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Babylonian Talmud: Tractate Baba Kamma
they were differing on the question of a generalisation and a specification placed at a distance from each other,1 Rabbi maintaining that in such a case the principle of a generalisation followed by a specification does not apply,2 whereas Ben 'Azzai maintained that the principle of a generalisation followed by a specification does apply.3 And should you ask why, according to Rabbi, was it necessary to insert 'bruise',4 [the answer would be that it was necessary to impose the payment of] additional money.5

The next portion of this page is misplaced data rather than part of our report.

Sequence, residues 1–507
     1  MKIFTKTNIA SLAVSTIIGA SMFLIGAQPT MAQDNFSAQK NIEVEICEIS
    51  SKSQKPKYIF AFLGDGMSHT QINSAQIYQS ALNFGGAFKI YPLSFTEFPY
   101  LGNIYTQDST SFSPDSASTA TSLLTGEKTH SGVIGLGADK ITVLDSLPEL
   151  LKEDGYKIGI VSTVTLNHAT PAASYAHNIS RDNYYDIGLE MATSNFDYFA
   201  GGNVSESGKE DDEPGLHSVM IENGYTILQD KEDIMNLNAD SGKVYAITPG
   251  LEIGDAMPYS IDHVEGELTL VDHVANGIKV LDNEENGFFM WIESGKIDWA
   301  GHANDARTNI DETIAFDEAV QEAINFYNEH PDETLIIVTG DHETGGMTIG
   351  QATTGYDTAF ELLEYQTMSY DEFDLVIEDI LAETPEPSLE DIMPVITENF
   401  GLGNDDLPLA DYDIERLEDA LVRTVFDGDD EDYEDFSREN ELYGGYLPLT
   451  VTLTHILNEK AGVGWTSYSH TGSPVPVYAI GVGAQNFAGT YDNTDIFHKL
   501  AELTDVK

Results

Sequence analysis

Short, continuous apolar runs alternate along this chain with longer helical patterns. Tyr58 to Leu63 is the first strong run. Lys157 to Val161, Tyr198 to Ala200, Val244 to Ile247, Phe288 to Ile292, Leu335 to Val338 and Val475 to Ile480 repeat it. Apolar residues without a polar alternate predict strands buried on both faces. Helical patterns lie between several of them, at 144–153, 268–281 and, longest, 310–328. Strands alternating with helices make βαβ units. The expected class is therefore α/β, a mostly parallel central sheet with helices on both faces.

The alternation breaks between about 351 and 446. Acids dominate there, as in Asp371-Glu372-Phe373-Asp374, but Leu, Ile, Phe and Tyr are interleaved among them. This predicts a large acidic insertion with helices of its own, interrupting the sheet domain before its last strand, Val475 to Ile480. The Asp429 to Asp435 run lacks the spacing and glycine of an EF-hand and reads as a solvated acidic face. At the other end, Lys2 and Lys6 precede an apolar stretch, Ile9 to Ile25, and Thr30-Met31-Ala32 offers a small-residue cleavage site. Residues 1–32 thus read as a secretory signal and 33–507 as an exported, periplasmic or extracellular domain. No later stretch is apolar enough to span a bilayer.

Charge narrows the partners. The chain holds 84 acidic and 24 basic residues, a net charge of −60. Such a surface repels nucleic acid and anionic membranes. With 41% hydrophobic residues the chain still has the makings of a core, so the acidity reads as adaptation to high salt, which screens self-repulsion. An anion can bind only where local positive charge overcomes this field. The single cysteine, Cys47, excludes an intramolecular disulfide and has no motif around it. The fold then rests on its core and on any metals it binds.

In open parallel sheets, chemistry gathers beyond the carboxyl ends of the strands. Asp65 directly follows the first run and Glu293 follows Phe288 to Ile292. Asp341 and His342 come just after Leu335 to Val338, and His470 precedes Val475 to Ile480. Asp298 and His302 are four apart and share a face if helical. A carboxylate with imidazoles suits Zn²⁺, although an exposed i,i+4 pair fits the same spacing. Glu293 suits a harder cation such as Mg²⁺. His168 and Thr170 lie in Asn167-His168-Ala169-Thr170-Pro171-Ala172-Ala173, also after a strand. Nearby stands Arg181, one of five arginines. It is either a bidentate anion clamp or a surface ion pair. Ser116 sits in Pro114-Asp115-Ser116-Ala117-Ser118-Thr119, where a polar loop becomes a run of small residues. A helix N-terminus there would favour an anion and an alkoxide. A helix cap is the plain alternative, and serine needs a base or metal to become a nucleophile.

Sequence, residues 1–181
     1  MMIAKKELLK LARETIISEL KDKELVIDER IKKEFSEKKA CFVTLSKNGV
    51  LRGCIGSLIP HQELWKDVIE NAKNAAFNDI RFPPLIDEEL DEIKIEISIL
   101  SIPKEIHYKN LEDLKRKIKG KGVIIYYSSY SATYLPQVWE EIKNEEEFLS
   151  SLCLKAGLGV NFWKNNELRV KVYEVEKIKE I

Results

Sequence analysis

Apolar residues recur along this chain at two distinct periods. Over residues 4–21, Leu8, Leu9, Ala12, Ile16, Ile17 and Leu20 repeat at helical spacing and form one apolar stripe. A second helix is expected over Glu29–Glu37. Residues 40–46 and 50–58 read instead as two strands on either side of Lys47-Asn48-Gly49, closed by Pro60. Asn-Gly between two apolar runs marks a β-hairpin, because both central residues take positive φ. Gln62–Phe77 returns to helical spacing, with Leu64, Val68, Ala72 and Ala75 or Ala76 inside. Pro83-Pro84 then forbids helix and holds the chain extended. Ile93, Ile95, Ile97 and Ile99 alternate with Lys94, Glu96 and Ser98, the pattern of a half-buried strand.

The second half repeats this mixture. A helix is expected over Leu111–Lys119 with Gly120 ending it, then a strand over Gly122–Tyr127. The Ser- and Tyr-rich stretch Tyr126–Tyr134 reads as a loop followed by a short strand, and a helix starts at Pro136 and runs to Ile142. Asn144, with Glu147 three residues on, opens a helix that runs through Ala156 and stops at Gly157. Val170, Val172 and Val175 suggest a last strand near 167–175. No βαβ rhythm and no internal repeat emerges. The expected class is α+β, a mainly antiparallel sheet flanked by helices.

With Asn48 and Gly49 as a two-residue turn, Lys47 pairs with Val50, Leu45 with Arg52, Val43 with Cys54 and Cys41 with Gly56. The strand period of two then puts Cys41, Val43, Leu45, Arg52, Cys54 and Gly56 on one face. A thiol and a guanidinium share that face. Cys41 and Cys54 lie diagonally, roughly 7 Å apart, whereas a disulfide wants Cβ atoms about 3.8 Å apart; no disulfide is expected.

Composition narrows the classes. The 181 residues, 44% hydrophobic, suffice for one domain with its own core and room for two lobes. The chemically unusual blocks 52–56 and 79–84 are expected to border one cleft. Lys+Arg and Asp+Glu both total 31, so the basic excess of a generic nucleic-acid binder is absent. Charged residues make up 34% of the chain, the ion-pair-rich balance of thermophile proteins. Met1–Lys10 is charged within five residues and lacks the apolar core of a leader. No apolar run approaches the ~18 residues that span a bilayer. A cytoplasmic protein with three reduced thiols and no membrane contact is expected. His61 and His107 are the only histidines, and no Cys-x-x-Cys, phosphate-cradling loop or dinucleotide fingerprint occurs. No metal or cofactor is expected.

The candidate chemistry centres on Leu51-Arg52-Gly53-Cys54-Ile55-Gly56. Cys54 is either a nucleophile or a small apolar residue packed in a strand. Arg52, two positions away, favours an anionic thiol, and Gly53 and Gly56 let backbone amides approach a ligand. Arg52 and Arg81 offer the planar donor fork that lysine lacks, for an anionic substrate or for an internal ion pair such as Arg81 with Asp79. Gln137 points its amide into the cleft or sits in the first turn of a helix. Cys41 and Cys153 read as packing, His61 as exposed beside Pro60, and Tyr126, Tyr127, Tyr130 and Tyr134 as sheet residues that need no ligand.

IT HAS TO BE CALCULATED HOW MUCH A MAN OF EQUAL STANDING WOULD REQUIRE TO BE PAID TO UNDERGO SUCH PAIN. But how is pain calculated in a case where Depreciation [also has to be paid]?6 — The father of Samuel7 replied: We have to estimate how much a man would require to be paid to have his arm cut off. To have his arm cut off? Would this involve only Pain and not also all the Five Items?8 Moreover, are we dealing with fools [who would consent for any amount to have their arm cut off]? — It must therefore refer to the cutting off of a mutilated arm.9 But even [if the calculation be made on the basis of] a mutilated arm, would it amount only to Pain and not also to Pain plus Degradation, as it is surely a humiliation that a part of the body should be taken away and thrown to dogs? — It must therefore mean that we estimate how much a man whose arm had by a written decree of the Government to be taken off by means of a drug would require that it should be cut off by means of a sword. But I might say that even in such a case no man would take anything [at all] to hurt himself [so much]? — It must therefore mean that we have to estimate how much a man whose arm had by a written decree of the Government to be cut off by means of a sword would be prepared to pay that it might be taken off by means of a drug. But if so, instead of TO BE PAID should it not be written 'to pay'? — Said R. Huna the son of R. Joshua: It means that payment to the plaintiff will have to be made by the offender to the extent of the amount which the person sentenced would have been prepared to pay.